Add Length to Your Vehicle's Life

With the economy on the rebound after the country's worst financial times in decades, many a smart vehicle owner is looking to get more bang for their vehicle buck. In lieu of quick trade-ins, more and more vehicle owners are applying the lessons they learned from the recession to their vehicles and trying to make their purchases last longer.

According to the automotive experts at the non-profit National Institute for Automotive Service Excellence (ASE), today's vehicles are designed with long-lasting reliability in mind, making it easier for vehicle owners to get more and more out of their vehicle purchase. To do just that, consider the following tips courtesy of ASE.

* Find a repair shop that suits your needs. Motorists often cite the difficulty in finding a reliable mechanic they feel they can trust. A courteous staff that's willing to answer your questions is a good starting point, as is a shop that's displaying the ASE sign or logo, which indicates the shop employs certified technicians. Also, check the shop walls for any past commendations, including civic, community or customer service awards.

It's also a good idea to check what vehicles the mechanics are currently working on. If the vehicles in the parking lot are equal in value to your own, that's a good sign.

* Do the small things to save fuel. The cost of fuel is among the highest costs associated with owning a vehicle. But small things like ensuring tires are properly inflated, replacing misfiring spark plugs and even clearing the trunk of clutter can all increase fuel efficiency and help your bottom line in the process.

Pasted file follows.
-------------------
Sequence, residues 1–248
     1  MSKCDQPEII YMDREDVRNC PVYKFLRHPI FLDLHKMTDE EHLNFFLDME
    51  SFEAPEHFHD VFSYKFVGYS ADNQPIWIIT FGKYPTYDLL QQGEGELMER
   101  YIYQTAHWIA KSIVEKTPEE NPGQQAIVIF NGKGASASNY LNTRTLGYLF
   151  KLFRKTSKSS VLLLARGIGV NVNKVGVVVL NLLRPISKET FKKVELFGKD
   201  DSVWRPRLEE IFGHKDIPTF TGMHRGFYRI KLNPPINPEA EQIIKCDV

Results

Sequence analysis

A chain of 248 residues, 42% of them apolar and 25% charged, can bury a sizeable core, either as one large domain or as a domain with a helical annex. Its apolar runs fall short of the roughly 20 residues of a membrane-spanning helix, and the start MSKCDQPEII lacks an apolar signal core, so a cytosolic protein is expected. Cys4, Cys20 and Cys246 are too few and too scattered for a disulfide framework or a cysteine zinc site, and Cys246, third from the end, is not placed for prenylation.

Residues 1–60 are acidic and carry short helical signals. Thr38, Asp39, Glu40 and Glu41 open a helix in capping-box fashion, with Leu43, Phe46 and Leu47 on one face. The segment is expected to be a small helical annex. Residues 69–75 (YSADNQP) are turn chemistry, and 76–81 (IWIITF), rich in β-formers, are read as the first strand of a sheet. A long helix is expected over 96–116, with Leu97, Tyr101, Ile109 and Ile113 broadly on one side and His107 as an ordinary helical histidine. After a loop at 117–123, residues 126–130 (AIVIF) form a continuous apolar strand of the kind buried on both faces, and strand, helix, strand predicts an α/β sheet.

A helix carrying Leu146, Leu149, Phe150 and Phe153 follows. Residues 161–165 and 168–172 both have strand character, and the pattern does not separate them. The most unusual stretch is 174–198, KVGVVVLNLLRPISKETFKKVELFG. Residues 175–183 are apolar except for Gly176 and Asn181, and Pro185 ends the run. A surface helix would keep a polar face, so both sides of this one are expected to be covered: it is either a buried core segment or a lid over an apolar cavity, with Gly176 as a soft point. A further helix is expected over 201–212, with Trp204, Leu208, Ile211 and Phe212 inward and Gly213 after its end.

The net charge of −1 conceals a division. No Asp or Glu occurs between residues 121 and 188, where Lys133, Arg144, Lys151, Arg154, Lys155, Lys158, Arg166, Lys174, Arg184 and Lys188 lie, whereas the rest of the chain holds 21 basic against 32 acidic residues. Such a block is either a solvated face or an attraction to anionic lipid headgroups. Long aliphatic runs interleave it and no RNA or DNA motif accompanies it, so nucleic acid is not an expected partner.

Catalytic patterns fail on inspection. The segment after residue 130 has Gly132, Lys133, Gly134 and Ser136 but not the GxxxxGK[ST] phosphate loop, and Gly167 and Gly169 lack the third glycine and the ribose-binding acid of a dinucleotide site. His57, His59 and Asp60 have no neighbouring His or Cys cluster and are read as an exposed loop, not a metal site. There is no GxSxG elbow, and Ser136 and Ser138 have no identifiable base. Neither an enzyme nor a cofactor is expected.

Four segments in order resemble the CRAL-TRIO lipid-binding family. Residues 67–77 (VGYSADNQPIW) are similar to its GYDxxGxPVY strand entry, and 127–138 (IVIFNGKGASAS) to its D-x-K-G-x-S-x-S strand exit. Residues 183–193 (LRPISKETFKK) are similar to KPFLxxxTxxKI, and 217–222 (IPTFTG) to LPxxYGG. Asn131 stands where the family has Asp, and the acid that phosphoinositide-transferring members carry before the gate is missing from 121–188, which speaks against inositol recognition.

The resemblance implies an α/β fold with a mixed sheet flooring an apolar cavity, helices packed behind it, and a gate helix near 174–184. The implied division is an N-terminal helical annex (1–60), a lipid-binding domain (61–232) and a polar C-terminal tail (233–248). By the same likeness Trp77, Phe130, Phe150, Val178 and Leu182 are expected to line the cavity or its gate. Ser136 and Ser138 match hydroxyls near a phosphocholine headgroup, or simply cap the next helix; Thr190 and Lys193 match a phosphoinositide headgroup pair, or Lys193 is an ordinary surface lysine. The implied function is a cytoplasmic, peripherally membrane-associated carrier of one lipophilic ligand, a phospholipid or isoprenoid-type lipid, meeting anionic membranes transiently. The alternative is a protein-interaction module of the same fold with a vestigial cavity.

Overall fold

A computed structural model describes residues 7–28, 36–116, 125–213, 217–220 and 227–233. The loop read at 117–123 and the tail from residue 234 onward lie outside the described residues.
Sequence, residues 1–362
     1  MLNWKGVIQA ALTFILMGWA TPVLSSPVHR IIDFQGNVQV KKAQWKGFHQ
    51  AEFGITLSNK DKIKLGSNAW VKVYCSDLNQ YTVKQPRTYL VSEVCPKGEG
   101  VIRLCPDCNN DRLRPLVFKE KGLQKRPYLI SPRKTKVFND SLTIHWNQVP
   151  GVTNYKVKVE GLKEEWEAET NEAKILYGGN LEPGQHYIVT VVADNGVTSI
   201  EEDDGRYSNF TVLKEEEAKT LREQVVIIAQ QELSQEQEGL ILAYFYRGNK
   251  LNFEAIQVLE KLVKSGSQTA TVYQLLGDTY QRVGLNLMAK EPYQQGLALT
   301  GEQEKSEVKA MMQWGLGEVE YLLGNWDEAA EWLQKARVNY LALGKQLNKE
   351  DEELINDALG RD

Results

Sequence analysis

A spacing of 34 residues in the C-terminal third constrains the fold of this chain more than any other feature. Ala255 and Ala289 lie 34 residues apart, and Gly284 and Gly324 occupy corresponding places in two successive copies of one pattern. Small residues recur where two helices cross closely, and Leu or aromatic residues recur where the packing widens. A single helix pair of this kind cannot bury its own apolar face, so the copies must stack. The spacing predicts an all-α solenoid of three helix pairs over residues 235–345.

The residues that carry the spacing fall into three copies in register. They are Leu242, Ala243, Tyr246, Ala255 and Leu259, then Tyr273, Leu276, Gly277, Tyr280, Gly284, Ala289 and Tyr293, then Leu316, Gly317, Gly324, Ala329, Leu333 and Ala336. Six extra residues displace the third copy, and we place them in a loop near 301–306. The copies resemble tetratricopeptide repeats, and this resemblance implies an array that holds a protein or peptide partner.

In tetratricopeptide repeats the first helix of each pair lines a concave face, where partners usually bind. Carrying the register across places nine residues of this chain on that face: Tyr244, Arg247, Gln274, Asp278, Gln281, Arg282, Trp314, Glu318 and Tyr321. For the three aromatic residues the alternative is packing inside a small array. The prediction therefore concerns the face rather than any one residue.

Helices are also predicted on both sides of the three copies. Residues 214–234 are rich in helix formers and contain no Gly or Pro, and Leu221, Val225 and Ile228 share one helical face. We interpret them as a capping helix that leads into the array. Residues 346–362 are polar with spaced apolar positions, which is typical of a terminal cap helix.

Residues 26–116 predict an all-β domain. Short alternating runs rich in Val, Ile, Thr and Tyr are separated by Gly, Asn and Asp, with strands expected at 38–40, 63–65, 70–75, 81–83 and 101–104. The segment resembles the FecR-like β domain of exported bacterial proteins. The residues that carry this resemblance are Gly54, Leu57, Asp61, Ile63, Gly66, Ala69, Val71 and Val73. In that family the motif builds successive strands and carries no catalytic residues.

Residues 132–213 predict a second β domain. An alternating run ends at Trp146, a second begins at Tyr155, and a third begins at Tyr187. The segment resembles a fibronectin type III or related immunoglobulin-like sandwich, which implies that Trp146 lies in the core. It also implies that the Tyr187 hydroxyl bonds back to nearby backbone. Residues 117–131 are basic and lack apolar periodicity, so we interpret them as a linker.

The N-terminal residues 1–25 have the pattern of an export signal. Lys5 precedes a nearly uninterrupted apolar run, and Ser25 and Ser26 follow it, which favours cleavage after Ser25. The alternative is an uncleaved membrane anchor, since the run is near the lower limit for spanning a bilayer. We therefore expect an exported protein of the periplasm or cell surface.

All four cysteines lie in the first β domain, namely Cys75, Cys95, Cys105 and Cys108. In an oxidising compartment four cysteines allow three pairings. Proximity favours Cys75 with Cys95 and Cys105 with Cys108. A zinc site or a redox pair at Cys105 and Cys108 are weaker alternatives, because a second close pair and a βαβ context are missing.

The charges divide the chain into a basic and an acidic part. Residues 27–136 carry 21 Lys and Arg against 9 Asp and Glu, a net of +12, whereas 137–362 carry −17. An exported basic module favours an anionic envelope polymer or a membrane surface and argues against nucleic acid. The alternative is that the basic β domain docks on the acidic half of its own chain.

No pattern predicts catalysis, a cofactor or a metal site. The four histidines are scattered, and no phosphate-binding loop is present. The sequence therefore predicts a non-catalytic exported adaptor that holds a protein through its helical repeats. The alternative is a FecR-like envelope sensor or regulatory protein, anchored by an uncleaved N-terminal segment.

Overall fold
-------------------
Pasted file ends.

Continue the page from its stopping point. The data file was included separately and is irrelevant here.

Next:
* Give your engine a break. Cars aren't all that different from the human body in that everything is directly or indirectly connected as a system. Just like a body can overcompensate in one area when another area is injured, a car's engine will be forced to overcompensate when there are deficiencies in other areas. For example, a clogged air filter or fouled spark plug makes combustion less efficient, which reduces power -- and wastes fuel as well. Motorists can give their engine a break by replacing clogged filters, sticking to their vehicle maintenance schedule and routinely checking fluid levels.

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